Research methods are generalised and established ways of approaching research questions. Research methods are divided into qualitative and quantitative approaches and involve the specific study activities of collecting and analyzing research data in order to answer the particular research question. It is important to note that not all methods can be applied to all research objectives, so it is important to ensure that the method you choose matches the intention of your thesis work.
Listen to a student, Alice Janvrin’s, experience with qualitative and quantitative methods from research in India:
For example, if your research objective is to describe or discuss the level of knowldege about nutrition practices during pregnancy among women attending antenatal care, it is best to use qualitative methods as these methods are well suited to in-depth descriptions of events, behaviors, opinions, knowledge and beliefs. Here the aim isn’t measurement, but rather description of what they know, how they came to know it and how this knowledge informs their current eating practices.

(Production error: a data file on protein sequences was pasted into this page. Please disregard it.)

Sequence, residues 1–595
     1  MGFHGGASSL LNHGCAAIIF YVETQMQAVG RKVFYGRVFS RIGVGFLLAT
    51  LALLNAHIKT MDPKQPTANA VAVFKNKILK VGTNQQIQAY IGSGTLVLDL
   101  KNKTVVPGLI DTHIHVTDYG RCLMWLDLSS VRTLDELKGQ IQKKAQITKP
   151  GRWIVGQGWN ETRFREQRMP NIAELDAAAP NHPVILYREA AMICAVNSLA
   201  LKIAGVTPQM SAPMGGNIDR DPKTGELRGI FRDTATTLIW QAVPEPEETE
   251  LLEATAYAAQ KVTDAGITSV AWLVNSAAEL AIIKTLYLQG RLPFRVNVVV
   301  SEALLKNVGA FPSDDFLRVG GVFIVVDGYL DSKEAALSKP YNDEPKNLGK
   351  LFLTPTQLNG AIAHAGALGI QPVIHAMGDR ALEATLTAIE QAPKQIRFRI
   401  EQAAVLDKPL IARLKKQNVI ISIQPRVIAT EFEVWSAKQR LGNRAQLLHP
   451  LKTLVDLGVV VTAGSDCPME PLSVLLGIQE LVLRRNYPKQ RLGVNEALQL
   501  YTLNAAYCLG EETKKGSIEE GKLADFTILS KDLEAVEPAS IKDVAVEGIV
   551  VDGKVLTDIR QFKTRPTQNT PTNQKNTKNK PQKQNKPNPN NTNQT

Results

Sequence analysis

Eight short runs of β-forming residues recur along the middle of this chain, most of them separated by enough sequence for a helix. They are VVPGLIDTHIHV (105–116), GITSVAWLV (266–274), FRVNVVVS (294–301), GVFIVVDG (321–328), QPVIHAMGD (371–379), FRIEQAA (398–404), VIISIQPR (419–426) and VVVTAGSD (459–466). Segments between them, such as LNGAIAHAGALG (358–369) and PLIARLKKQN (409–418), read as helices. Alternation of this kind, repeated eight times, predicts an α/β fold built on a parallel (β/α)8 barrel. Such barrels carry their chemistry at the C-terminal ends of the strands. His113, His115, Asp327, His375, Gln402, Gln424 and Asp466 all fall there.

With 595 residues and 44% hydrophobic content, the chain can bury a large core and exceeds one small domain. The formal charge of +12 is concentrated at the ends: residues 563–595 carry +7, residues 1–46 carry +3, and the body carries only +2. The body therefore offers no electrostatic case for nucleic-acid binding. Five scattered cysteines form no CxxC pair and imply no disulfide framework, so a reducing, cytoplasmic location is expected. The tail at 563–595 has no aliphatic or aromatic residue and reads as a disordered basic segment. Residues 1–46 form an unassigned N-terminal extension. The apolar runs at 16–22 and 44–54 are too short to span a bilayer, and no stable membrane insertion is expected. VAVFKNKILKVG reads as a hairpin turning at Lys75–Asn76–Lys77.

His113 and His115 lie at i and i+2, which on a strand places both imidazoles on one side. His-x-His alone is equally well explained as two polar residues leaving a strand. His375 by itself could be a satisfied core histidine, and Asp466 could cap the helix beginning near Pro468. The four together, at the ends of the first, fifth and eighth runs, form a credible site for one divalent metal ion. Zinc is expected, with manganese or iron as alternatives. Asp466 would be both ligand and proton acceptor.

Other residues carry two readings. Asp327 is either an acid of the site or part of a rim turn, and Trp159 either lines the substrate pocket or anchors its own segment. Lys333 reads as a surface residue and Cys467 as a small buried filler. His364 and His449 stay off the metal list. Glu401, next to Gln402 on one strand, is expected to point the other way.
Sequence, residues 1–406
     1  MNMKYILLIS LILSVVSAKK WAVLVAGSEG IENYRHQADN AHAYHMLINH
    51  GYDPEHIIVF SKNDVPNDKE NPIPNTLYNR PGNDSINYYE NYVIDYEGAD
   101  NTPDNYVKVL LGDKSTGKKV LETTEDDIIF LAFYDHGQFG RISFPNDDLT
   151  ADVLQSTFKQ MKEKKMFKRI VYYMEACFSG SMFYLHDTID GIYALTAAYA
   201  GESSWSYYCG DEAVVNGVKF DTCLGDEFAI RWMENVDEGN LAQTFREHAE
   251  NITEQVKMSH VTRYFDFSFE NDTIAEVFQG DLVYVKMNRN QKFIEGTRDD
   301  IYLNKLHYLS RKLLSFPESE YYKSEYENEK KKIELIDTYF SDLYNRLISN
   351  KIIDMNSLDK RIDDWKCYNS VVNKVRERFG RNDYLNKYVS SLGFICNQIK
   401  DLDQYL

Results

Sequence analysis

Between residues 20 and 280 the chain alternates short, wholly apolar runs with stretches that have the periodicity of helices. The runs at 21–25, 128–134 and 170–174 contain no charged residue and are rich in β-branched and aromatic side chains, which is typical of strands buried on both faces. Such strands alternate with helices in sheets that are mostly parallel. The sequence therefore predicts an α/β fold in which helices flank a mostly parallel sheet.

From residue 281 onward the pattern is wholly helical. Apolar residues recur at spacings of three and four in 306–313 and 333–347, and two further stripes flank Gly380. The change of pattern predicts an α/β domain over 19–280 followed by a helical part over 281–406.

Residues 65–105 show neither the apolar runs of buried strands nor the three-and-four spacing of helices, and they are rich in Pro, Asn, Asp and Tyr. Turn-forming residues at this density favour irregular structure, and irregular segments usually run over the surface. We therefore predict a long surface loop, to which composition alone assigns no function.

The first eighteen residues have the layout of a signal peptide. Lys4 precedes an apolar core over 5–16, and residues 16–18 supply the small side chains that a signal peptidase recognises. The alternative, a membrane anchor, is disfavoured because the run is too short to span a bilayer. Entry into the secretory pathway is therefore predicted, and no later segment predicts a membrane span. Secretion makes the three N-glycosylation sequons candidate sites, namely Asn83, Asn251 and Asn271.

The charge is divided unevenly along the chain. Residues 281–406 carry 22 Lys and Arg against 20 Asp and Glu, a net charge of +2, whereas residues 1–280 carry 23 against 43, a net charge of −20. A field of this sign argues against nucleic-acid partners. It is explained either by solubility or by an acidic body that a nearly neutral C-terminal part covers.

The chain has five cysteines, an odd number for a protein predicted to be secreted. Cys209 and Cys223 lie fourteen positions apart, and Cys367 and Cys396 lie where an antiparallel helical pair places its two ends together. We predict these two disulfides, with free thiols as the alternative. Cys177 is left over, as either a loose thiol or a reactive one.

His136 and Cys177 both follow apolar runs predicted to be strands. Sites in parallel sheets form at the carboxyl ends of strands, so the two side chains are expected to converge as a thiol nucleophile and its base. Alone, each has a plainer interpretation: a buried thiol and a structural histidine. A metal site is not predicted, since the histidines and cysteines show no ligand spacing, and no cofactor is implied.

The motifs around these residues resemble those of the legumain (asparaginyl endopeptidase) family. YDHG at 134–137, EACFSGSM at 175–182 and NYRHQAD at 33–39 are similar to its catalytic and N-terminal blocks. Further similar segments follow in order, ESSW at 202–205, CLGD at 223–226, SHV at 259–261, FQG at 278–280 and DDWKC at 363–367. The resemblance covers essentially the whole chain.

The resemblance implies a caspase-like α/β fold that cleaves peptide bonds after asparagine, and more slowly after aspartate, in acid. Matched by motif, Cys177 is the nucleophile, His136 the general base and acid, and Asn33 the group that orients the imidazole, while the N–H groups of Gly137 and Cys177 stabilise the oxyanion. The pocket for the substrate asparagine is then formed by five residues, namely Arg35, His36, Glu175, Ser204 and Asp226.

However, if your research objective is to assess the nutritional status of women attending antenatal care then you would be compelled to use a quantitative method such as standard anthropomorphic measurements – like body mass index.
Similarly, if you want to determine if there is a relationship between knowledge about nutrition during pregnancy and the actual nutritional status of pregnant women, you would have to use a quantitative approach that combines a measure of nutrition knowledge using an instrument like a survey with an outcome measure of current nutritional status using a standardazed tool like an anthropomorphic measurement.